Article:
And I doubt that anyone will have given you Cardiopulmonary Resuscitation (CPR) in the last hours/days of your life, or even considered it. Regrettably, some patients who have not actively opted out of this treatment still receive it, by default. It involves physical, sometimes bone-breaking chest compressions, electric shocks, injections and insertion of airways and is only successful in 1-2% of patients whose cancer has spread to other organs in their body. It is very likely that you asked your medical team to issue you with a Do Not Attempt Cardiopulmonary Resuscitation order (this is something we try to offer here in Wales, as part of the TalkCPR campaign for people with palliative illness). I can only imagine what it must have been like to discuss this, but you were once again a hero, or a ‘Held’, even at this most challenging time of your life.

And the professionals who saw you will have had good knowledge and skill in the provision of palliative and end-of-life care. Sadly, this essential part of training is not always available for junior healthcare professionals, including doctors and nurses, and is sometimes overlooked or under-prioritized by those who plan their education. I think if you were ever to return (as Lazarus did), you would be a firm advocate for good palliative care training being available everywhere.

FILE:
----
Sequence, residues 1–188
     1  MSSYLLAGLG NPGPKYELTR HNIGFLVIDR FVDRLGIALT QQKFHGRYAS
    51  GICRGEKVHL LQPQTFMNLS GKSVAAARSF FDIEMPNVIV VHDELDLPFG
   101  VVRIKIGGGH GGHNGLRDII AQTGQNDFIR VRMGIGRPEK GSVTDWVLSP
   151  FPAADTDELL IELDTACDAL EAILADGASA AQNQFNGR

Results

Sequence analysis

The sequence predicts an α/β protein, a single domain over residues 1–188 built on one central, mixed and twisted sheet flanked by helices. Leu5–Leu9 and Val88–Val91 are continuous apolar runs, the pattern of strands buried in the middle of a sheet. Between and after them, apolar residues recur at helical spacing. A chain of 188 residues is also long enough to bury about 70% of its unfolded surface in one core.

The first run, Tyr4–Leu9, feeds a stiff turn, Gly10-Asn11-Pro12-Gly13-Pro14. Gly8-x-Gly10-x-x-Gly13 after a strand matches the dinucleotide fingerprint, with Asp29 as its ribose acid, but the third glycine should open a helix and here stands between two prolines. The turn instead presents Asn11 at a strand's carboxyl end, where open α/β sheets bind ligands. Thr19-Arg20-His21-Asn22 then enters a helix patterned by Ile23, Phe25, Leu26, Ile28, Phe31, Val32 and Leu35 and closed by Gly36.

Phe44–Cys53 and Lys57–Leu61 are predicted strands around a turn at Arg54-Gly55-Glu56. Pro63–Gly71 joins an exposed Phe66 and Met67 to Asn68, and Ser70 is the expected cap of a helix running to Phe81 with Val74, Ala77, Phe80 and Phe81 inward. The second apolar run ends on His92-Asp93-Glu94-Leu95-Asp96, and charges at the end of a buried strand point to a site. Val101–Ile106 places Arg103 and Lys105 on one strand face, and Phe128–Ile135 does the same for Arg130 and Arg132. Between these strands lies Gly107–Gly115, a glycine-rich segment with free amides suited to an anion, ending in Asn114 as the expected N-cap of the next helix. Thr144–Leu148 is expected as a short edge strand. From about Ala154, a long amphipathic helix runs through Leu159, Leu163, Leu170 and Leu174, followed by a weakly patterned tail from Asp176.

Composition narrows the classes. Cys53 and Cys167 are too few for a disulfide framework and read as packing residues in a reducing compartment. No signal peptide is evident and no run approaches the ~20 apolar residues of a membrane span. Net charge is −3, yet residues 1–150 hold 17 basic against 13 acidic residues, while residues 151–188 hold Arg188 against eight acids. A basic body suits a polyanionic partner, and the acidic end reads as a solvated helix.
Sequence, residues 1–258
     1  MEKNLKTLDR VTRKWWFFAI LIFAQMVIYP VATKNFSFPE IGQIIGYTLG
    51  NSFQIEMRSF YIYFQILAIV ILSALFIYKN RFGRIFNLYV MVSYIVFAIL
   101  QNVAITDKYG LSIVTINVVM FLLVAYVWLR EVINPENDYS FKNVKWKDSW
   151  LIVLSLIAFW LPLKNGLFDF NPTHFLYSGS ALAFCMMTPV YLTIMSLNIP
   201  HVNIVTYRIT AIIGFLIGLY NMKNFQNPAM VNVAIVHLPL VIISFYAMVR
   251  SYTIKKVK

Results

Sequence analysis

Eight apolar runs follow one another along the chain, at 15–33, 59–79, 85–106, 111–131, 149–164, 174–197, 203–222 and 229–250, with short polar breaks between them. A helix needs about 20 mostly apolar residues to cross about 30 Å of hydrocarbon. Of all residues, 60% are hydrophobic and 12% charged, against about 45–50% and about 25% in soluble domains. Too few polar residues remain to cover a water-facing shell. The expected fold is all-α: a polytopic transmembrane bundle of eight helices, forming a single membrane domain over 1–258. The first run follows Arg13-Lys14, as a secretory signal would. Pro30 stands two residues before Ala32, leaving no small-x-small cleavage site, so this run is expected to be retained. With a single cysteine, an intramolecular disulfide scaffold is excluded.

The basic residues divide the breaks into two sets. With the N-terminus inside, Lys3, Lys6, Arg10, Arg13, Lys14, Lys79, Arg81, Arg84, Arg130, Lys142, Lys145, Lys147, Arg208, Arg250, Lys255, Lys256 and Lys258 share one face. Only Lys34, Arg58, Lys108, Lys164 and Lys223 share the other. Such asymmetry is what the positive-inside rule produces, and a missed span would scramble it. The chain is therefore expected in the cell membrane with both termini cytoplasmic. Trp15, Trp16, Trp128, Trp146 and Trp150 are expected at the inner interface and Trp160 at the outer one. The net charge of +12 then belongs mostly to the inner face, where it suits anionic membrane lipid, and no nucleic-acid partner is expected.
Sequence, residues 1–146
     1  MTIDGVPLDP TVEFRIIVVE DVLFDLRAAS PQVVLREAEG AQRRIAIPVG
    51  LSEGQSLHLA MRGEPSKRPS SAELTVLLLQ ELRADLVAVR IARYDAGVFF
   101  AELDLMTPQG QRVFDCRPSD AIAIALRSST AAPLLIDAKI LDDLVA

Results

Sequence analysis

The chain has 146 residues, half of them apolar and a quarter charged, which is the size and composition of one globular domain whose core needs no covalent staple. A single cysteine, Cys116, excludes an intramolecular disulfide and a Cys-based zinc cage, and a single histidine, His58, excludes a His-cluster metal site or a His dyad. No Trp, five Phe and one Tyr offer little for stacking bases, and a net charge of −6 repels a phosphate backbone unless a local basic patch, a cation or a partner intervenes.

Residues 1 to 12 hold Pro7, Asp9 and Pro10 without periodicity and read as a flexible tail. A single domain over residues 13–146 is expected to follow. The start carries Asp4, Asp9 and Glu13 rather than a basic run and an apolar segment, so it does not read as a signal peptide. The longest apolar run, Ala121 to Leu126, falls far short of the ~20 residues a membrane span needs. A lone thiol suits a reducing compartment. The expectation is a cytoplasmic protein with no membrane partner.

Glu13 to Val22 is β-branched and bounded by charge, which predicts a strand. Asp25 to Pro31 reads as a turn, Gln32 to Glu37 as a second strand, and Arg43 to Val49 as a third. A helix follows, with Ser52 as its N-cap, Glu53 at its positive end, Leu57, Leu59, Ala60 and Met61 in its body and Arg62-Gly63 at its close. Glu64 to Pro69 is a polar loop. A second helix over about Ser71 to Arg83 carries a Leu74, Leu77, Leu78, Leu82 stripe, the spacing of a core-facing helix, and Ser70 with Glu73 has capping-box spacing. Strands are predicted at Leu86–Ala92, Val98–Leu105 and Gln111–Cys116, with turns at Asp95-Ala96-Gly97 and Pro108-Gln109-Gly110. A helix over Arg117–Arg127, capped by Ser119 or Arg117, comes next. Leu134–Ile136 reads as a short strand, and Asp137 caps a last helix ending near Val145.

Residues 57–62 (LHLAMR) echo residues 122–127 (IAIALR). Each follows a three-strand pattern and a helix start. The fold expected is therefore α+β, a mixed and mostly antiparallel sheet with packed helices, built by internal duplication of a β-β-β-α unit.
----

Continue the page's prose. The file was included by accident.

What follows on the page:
So back to the conversation I had with the lady who had recently received the news that she had advanced cancer that had spread, and that she would probably not live much longer than a year or so. She talked about you and loved your music, but for some reason was not impressed by your Ziggy Stardust outfit (she was not sure whether you were a boy or a girl). She too, had memories of places and events for which you provided an idiosyncratic soundtrack. And then we talked about a good death, the dying moments and what these typically look like. And we talked about palliative care and how it can help. She told me about her mother’s and her father’s death, and that she wanted to be at home when things progressed, not in a hospital or emergency room, but that she’d happily transfer to the local hospice should her symptoms be too challenging to treat at home.

We both wondered who may have been around you when you took your last breath and whether anyone was holding your hand. I believe this was an aspect of the vision she had of her own dying moments that was of utmost importance to her, and you gave her a way of expressing this most personal longing to me, a relative stranger.

Thank you.

Free wi-fi in healthcare settings – luxury or prerequisite?

30 Nov, 15 | by BMJSPCblog

by Dr Mark Taubert, Consultant in Palliative Medicine, Velindre Hospital NHS Trust, Cardiff, Wales

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@DrMarkTaubert

 

 

 

 

and James Norris, Founder of the Digital Legacy Association, Camden, London
JN@JamesNorris

 

 

 

Many visitors to hotels, once they have unpacked, settled and polished off the chocolate mint placed on their cushions, will take out their phones and run a scan for the hotel’s wi-fi service. Not finding this most basic of services will cause surprise, consternation, perhaps even irritation. ‘How do I get onto your wi-fi?’ This, by today’s standards, most anodyne of requests is now frequently heard in hospital and hospice settings. Somehow, we all need our connection, even when we’re ill, or perhaps even more so. Not getting onto Facebook, Twitter or Snapchat is akin to 21st century deracination. A poll conducted by the BBC in 2011 suggested that 4 in 5 people around the world believe the internet to be a human right.